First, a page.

Posts Tagged ‘chronic pain’

Chronic Pain and Falls

Saturday, January 16th, 2010 by American Senior Fitness Association   View This Issue of Experience!

Recent research published in the Journal of the American Medical Association has connected some dots between chronic pain and falls, showing a strong association that heretofore has been underestimated.

In their report, the lead researcher Suzanne Leveille and her colleagues wrote: "Pain contributes to functional decline and muscle weakness, and is associated with mobility limitations that could predispose to fall." Their findings suggest that instead of simply viewing chronic pain as an unpleasant aspect of the aging process, people should acknowledge it as a serious risk factor for falls.

The authors of the study referred to several ways by which pain might contribute to falling:

  • The neuromuscular effects of pain may lead to weakness of the leg muscles;
  • One’s neuromuscular responses to a loss of balance may be slowed;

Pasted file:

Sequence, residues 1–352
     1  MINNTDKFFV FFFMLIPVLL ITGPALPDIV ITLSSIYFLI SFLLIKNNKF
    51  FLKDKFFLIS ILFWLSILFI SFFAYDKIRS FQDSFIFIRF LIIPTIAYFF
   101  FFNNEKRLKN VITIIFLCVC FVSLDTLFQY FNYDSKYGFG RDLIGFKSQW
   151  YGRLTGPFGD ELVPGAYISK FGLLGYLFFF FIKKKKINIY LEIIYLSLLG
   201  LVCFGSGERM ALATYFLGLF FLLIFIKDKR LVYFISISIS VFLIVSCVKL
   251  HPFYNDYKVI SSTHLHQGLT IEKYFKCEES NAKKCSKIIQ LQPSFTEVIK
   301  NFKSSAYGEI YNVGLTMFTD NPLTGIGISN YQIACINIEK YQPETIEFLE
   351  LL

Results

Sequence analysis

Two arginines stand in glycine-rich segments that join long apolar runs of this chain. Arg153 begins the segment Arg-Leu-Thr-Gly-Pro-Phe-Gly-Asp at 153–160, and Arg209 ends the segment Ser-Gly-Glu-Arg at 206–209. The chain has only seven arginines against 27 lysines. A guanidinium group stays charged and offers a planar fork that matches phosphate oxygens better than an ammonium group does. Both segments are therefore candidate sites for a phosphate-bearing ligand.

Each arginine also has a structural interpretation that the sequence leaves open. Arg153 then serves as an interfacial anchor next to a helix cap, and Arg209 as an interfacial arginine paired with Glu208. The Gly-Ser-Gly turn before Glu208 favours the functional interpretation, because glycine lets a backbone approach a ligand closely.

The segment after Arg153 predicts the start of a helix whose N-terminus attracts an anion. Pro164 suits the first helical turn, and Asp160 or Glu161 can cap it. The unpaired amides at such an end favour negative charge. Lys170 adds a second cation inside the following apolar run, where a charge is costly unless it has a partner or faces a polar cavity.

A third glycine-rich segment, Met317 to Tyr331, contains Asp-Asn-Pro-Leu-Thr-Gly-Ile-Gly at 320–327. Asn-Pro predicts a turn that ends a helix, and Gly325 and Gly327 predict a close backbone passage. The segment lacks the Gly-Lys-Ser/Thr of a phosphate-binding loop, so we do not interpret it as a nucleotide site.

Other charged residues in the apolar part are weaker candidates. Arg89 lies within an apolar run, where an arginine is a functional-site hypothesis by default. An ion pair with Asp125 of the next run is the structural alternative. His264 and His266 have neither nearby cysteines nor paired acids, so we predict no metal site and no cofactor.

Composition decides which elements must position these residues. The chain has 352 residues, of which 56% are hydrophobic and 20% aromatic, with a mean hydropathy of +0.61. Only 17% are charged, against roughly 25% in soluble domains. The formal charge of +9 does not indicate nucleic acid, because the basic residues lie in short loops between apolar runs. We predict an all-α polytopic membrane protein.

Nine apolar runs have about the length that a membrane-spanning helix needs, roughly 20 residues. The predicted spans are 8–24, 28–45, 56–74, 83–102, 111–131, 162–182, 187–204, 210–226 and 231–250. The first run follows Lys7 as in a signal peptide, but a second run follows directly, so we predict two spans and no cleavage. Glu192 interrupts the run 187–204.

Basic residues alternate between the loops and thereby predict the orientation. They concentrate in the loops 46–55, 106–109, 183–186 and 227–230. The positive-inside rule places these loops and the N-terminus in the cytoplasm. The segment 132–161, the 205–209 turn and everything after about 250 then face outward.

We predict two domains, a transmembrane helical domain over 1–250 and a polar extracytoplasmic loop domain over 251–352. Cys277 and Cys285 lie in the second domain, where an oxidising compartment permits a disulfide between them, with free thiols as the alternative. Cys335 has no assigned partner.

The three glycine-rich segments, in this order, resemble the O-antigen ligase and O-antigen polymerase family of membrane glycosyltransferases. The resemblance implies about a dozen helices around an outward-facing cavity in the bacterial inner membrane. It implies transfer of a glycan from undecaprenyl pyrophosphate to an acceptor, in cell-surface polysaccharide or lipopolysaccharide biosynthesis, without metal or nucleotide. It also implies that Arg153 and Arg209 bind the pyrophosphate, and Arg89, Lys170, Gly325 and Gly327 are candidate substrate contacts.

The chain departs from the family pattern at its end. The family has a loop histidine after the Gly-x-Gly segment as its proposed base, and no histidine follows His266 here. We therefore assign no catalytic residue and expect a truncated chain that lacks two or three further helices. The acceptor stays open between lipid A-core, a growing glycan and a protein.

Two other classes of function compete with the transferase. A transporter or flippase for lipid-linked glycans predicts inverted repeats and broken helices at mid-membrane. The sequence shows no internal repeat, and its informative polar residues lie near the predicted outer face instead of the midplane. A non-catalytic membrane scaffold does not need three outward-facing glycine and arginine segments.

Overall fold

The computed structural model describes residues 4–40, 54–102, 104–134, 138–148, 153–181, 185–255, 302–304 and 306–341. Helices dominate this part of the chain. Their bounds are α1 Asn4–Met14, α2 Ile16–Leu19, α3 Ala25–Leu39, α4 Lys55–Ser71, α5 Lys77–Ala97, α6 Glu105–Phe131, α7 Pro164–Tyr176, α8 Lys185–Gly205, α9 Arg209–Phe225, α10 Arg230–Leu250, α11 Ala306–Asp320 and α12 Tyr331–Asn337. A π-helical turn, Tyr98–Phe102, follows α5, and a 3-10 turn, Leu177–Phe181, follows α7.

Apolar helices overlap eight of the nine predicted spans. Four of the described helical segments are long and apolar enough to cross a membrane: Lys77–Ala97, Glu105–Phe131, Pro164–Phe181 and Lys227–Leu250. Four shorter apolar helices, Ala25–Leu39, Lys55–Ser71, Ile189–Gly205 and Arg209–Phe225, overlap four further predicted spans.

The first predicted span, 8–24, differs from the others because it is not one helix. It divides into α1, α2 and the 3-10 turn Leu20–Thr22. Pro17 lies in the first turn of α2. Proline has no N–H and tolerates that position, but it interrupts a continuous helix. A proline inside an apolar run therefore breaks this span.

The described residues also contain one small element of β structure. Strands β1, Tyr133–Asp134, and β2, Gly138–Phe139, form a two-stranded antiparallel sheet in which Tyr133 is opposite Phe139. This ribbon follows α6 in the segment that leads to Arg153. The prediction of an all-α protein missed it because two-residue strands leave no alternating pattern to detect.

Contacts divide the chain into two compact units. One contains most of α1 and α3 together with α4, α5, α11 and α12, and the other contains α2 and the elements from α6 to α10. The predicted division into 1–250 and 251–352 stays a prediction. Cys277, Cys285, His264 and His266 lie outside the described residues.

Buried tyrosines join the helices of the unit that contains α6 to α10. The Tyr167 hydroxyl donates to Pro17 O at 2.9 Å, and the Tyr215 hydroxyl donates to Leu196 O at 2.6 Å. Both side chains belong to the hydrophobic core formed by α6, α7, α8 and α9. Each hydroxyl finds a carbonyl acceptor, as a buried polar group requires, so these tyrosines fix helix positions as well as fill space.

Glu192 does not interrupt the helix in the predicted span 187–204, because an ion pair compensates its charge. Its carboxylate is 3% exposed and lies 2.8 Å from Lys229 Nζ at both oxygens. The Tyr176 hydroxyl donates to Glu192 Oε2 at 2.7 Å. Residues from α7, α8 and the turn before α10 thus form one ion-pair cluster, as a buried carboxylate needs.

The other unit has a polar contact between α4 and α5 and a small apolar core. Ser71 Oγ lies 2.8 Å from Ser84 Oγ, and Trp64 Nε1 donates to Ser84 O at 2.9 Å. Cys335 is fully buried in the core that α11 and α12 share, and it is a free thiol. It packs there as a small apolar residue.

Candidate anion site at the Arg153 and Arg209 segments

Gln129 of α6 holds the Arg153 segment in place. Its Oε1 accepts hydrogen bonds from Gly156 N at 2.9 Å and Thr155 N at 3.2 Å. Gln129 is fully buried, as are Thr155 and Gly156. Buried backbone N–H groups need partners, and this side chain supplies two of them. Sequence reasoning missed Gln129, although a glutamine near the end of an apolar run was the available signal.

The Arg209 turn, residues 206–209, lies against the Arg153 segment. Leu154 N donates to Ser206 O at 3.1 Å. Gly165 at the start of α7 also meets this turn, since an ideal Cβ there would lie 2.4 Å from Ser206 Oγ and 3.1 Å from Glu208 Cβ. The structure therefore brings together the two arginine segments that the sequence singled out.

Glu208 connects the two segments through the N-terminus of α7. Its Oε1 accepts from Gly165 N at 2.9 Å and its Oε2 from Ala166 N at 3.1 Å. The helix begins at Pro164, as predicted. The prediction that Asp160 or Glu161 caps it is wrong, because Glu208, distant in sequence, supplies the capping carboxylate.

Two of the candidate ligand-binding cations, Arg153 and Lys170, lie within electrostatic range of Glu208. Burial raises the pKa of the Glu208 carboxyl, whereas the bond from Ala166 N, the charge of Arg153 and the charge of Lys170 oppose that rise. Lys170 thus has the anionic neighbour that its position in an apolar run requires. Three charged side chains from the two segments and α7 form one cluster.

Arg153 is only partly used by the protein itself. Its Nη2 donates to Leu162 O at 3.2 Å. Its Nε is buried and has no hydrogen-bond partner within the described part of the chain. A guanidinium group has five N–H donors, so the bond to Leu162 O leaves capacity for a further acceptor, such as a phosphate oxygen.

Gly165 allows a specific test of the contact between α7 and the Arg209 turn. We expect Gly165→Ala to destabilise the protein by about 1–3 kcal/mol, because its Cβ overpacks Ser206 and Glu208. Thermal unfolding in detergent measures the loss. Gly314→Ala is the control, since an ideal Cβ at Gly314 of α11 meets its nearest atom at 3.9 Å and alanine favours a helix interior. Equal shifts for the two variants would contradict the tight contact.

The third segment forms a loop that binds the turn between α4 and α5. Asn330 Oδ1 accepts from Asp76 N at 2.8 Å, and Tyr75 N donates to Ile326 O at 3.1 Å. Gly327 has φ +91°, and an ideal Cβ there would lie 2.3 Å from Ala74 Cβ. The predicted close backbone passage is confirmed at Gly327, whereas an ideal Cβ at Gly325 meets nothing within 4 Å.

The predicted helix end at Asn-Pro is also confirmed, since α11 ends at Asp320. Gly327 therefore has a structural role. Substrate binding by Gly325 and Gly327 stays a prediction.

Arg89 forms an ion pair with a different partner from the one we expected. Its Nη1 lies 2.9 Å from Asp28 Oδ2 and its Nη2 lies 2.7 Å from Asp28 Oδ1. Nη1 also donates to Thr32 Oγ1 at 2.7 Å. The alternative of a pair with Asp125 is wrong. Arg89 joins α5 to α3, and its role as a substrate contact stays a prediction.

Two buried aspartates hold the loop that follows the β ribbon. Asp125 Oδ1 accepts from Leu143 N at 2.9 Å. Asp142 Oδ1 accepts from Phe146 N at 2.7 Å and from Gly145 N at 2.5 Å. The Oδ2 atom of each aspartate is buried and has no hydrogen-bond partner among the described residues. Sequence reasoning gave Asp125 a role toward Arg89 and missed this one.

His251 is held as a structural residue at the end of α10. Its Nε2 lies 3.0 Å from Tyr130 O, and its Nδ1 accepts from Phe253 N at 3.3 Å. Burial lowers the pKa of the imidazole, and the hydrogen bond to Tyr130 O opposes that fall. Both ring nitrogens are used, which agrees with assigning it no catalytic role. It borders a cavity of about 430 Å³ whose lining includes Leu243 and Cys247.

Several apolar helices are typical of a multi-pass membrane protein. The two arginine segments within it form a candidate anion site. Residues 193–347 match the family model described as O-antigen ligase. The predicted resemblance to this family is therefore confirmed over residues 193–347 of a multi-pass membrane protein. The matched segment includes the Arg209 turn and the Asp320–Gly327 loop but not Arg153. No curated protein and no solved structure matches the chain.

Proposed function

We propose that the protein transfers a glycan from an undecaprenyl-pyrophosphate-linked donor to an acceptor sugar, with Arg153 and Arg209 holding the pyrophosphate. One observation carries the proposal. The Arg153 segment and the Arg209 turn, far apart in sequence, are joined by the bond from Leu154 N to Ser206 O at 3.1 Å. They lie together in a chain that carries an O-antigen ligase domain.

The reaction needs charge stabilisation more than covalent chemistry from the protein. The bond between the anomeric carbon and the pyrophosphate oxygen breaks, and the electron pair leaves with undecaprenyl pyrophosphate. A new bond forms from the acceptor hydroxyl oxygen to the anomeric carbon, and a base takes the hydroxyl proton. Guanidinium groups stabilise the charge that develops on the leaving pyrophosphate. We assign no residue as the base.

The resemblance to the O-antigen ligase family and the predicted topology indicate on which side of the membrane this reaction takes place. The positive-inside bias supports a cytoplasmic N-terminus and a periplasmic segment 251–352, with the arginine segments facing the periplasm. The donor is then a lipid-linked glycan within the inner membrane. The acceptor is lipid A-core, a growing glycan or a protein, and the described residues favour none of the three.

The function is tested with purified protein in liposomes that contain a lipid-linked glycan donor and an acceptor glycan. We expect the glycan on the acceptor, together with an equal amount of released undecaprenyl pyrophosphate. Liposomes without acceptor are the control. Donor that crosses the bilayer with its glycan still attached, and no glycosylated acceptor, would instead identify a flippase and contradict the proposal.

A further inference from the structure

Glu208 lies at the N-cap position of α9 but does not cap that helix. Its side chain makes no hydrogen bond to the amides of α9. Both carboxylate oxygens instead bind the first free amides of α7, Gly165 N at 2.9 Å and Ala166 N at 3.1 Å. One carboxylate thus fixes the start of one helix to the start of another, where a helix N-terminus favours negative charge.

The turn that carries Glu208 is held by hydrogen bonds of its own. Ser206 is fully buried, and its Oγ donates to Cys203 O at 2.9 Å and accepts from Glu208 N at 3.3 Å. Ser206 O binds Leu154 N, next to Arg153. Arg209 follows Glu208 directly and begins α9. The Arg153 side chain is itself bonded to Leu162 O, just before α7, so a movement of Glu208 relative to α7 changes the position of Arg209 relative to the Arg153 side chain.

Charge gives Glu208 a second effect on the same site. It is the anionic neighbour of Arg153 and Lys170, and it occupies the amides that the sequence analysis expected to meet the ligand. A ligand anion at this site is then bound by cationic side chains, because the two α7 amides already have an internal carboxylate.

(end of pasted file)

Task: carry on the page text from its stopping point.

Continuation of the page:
• Altering one’s gait in an effort to diminish the pain may cause balance problems;
  • Chronic pain may constitute a major distraction, leaving one less alert to everyday hazards.
  • Approximately 750 subjects, ages 70-plus, took part in the study. They reported any pain they experienced and maintained a record of every fall they sustained. One thousand twenty-nine falls occurred over the 18-month follow-up period, with slightly more than half the subjects reporting at least one incident. The following results link chronic pain to an increased risk for falls:

  • At baseline, 24 percent of participants reported chronic pain in one joint; 40 percent in more than one joint. Those with pain in more than one joint were more likely to fall.
  • Persons with severe pain or pain that reduced their ability to perform ADLs (activities of daily living) were more likely to fall.
  • Persons who suffered from pain during any given month were more likely to endure a fall during the following month. While this association applied to all pain, it was particularly strong with regard to severe pain (77 percent increased risk).
  • Leveille recommends that older adults and their physicians discuss the connection between pain and falls with the goal of developing a personalized fall prevention plan, according to a report on the study by HealthDay. For many individuals, effective pain management might play an important role in decreasing the risk for falling.